Assisi Hospice

Son of former patient will ‘Race for Nurses’

Tan Weide is the son of Assisi’s former patient, 64 year-old Mr Tan Leng Cheok. Mr Tan Leng Cheok had liver cancer. His condition deteriorated and was hospitalised in July last year. Weide witnessed the change in his father after he came under the care of Assisi Hospice’s Day Care service.

Weide said, “After discharge, he seemed to have lost 80% of his memory. He couldn’t remember how to use the phone and couldn’t even count from 1 to 10. His mood was also very low, and he even took to drinking. We were very worried for him.”

Mr Tan Leng Cheok came under the care of Assisi Hospice Day Care in Sep 2020. As Mr Tan was staying alone, his family hoped that the medical care and interaction at the Day Care Centre would help him.

Weide said, “The progress was amazing. We had been worried that he would soon forget us, but after going to Day Care daily, his memory really improved. He would tell me about the friends he made, and share what he had learned. He never used to cook but he would tell me about what he made during the cooking sessions at Day Care. He did gardening. He enjoyed the music therapy sessions and was part of the Senior Boleh Chimes Choir. I was present for his first performance during Christmas last year, and was really proud of him.”

Emotionally, Mr Tan also managed to reconcile with his family. He got divorced when his children were young due to drinking problems. Weide said, “He apologised to my mother and us.  He also told me that he had time to sit down and think and reflect, and he was ready to be with the Lord.”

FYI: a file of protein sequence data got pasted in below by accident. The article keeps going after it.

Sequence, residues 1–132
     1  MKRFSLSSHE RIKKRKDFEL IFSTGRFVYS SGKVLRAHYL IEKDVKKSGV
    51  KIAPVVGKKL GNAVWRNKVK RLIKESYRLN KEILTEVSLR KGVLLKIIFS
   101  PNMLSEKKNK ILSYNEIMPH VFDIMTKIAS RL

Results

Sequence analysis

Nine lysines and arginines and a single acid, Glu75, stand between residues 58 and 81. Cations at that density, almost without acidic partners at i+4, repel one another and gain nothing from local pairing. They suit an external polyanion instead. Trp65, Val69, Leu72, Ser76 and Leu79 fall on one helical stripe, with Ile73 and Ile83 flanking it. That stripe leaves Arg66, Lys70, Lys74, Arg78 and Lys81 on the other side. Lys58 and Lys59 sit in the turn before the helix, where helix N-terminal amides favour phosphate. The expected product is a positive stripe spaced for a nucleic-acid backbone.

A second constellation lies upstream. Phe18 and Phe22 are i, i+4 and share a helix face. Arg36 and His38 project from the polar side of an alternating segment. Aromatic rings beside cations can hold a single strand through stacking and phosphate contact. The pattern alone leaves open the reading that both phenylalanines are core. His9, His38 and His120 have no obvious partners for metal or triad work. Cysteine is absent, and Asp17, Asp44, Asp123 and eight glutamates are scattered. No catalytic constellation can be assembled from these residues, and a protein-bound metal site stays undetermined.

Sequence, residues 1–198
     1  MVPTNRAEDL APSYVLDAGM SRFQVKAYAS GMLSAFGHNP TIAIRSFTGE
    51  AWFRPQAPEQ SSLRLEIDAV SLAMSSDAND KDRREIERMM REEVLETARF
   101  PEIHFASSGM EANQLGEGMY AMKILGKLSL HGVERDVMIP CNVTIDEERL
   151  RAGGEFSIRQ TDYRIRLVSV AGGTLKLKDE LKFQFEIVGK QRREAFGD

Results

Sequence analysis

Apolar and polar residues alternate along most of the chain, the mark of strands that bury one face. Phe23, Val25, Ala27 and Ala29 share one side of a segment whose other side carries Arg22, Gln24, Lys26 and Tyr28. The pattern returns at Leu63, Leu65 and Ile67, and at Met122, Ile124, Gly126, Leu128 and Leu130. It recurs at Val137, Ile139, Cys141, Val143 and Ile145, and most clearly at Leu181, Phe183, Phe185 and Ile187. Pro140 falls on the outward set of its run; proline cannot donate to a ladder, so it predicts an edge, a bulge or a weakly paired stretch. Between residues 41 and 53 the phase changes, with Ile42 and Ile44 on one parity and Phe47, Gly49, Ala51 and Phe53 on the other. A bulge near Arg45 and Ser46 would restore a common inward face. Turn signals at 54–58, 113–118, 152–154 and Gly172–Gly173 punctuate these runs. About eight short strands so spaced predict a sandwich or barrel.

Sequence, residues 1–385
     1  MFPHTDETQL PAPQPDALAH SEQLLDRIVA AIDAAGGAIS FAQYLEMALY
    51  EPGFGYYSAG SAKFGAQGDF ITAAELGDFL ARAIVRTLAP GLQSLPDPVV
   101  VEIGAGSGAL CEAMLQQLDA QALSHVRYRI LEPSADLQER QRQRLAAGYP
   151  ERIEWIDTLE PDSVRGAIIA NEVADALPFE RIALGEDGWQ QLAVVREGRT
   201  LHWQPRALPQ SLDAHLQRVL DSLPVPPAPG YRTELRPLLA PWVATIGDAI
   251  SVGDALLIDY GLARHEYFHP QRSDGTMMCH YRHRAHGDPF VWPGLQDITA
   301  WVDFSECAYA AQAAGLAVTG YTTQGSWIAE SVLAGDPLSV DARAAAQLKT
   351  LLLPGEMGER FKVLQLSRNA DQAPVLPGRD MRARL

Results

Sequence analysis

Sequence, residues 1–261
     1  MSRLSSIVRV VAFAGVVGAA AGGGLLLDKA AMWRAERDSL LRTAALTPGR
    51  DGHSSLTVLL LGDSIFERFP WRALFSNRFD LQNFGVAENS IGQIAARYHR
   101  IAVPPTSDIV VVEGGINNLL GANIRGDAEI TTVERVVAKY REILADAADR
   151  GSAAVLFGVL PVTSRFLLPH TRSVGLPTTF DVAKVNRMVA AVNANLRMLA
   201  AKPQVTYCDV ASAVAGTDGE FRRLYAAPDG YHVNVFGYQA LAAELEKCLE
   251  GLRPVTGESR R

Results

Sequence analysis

Weide was touched by the care both him and his father received at the Day Care, and especially the attention from the nurses. He said, “She would text me often, to update me on my father’s health condition, medication and how to care for him, and send photos of his activities and progress. We were also worried about his care arrangements if he deteriorate further, and the nurse shared that inpatient care was an option. When we were concerned about whether we could cope financially, the nurse also provided information on what to expect, the cost involved and lots of assurance that help was available.”

Mr Tan passed on in February this year. When Weide heard about Assisi’s “I Race for Nurses”, he decided to take part to show his appreciation to the nurses who cared for his father. He said, “I would always remember how helpful and comforting they were, providing assurance and calming us when we were worried and lost.”

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